4. What binds people. People, under the direst of circumstances, can and do pull together. In Rajasthan, an already semi-arid part of India where rainfall is becoming less and less predictable. Sahyog Sansthan, a local nonprofit, works in 100 indigenous communities, helping people improve crop yields, and more importantly, work together to manage communal lands more equitably and efficiently. The organization currently works reaches more than 3,500 women and has inspired local government agencies to replicate its methods.
5. Scale, albeit from a new perspective. What if we defined scale not by reach, but by quality and effectiveness? In South Africa, Biowatch promotes seed saving and agroecology practices that enhance climate resilience. Results demonstrate long-term food security for more than 500 rural farmers, while preserving biodiversity. Meanwhile, the Tamil Nadu Women's Collective in Chennai, India has trained more than 10,000 women in sustainable farming, creating a new generation of localized agroecology advocates and trainers.
A Vital Wellspring of Climate Solutions
With public and private sector commitments to the Green Climate Fund at more than $200 billion, the global climate movement has much to learn from grassroots solutions. But those holding the purse-strings too often dismiss the people implementing grassroots solutions as quaint and the efforts themselves as “feel-good” projects on the sidelines of high-level work to stem the climate crisis. They fail to recognize the technical prowess and complex innovation at the core of effective grassroots efforts.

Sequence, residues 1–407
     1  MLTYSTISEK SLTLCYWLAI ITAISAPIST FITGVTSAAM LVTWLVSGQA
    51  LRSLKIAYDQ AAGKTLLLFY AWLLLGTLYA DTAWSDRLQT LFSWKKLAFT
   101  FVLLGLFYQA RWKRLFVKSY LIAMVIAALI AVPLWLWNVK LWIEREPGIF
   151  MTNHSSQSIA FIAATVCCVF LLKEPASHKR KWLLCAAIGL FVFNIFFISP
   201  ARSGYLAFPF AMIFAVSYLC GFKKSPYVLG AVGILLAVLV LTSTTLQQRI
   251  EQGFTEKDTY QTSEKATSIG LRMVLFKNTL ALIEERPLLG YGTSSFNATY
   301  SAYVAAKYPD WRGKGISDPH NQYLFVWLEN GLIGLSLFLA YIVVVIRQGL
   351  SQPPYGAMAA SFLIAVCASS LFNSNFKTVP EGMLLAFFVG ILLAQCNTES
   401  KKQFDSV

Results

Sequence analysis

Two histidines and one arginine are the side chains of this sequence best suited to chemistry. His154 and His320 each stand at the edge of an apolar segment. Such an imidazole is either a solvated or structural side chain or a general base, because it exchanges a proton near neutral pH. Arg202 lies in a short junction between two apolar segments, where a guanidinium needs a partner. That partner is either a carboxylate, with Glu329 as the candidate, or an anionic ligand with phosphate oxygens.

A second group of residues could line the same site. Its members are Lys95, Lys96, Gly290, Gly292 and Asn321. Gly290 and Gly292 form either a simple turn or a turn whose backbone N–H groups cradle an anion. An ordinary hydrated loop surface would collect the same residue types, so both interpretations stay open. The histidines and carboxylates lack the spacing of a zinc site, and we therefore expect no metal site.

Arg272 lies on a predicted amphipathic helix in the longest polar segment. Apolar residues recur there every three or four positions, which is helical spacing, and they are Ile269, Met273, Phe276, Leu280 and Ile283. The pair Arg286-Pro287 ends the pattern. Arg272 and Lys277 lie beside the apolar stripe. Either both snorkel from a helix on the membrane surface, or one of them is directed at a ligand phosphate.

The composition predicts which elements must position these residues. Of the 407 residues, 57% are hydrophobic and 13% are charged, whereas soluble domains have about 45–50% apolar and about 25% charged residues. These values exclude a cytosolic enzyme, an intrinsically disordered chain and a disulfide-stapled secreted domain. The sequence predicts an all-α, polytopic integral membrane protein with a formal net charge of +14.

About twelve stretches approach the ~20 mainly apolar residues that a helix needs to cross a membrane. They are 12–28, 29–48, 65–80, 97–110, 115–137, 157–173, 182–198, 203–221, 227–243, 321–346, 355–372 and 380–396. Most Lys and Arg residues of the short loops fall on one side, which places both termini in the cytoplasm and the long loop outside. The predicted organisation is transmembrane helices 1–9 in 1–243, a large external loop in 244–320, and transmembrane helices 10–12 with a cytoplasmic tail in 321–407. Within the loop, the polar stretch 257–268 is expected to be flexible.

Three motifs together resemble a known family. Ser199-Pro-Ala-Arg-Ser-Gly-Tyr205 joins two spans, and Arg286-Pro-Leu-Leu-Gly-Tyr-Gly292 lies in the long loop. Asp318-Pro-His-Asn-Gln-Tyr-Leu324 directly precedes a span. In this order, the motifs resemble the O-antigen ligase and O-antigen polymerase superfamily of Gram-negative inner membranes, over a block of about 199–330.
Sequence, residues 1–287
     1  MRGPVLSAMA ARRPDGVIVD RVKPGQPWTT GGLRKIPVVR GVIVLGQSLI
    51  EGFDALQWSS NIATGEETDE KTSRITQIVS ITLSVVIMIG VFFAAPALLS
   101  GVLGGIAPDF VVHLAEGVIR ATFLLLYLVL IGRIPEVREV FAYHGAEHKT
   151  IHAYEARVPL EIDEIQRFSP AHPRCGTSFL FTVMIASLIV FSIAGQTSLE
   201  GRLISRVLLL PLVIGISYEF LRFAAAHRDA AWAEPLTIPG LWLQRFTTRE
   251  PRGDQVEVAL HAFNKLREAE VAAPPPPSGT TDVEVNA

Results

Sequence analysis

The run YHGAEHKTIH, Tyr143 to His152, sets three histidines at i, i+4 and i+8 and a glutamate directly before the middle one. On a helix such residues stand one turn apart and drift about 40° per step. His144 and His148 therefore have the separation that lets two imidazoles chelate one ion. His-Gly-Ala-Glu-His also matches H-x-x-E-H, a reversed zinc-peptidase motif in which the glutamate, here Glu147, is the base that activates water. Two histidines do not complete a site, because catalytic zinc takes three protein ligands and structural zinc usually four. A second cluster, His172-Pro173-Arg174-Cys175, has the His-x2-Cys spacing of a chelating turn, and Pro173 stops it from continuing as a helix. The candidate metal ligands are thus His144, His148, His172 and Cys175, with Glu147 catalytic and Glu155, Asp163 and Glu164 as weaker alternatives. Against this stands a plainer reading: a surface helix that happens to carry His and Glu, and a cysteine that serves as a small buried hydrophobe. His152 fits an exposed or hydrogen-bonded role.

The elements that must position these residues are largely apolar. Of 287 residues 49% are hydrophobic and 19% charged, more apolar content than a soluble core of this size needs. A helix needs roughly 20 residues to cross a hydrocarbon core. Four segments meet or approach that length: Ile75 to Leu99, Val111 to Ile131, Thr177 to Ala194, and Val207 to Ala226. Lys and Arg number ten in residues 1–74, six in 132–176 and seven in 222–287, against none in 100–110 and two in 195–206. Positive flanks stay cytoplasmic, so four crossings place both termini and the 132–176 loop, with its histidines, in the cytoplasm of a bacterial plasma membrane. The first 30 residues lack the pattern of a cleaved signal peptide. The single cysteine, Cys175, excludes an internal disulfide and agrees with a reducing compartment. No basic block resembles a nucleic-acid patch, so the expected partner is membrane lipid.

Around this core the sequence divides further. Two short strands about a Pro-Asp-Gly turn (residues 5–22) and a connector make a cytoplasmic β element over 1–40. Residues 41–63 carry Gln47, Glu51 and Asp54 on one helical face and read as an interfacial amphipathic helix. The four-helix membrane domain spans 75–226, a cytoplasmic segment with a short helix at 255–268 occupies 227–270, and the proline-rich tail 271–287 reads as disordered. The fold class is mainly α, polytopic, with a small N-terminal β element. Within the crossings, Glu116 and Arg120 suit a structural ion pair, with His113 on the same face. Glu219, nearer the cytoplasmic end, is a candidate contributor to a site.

To continue with this outlook is to doom us to groupthink.
If global leaders continue to limit the debate to solutions such as short-term projects led by people outside communities, or market-based responses to climate change like carbon markets, they risk protecting the special interests of corporations. They risk not addressing the loss of land, territory, and resource rights, or the expansion of industrial agricultural systems, mega-dams, and fossil fuel extraction. They also risk missing the opportunity to rethink issues at the intersections of social justice, gender, race, and equity—where the root causes of climate change reside.
Imagine if we supported hundreds—and even thousands—of effective grassroots climate solutions around the world to thrive, lead, and share their models and link together? It would make so much more progress possible.
This is not an either-or proposal. We need to embrace both high-level climate coordination and grassroots efforts. But as we do that high-level work on climate change, we also urgently need to recognize global grassroots innovators of climate solutions as rightful peers and thought leaders in this endeavor.
History that shows that powerful grassroots organizing has been a vital lever of major social change—including decolonization, civil rights, and environmental movements. Organizing strategies that include indigenous peoples, women, youth, and diverse grassroots groups across borders and boundaries can spark broad, comprehensive social change powerful enough to address the greatest challenge of our age: climate change. Funding grassroots solutions will turn our clichés into profundities.